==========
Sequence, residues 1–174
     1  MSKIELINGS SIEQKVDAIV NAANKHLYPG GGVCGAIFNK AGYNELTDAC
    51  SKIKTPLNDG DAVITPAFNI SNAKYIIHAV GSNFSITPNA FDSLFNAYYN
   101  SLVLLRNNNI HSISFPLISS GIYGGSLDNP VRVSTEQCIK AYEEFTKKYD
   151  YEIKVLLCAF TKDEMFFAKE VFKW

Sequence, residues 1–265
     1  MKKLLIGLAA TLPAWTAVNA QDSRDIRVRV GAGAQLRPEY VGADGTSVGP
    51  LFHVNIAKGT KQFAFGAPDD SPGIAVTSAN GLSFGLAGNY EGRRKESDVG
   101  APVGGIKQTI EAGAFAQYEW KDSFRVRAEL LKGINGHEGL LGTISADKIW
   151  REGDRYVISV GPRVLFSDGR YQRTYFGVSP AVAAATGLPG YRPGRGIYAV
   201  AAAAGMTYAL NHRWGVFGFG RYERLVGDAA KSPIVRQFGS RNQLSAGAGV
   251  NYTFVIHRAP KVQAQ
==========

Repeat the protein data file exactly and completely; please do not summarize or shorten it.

Sequence, residues 1–174
     1  MSKIELINGS SIEQKVDAIV NAANKHLYPG GGVCGAIFNK AGYNELTDAC
    51  SKIKTPLNDG DAVITPAFNI SNAKYIIHAV GSNFSITPNA FDSLFNAYYN
   101  SLVLLRNNNI HSISFPLISS GIYGGSLDNP VRVSTEQCIK AYEEFTKKYD
   151  YEIKVLLCAF TKDEMFFAKE VFKW

Sequence, residues 1–265
     1  MKKLLIGLAA TLPAWTAVNA QDSRDIRVRV GAGAQLRPEY VGADGTSVGP
    51  LFHVNIAKGT KQFAFGAPDD SPGIAVTSAN GLSFGLAGNY EGRRKESDVG
   101  APVGGIKQTI EAGAFAQYEW KDSFRVRAEL LKGINGHEGL LGTISADKIW
   151  REGDRYVISV GPRVLFSDGR YQRTYFGVSP AVAAATGLPG YRPGRGIYAV
   201  AAAAGMTYAL NHRWGVFGFG RYERLVGDAA KSPIVRQFGS RNQLSAGAGV
   251  NYTFVIHRAP KVQAQ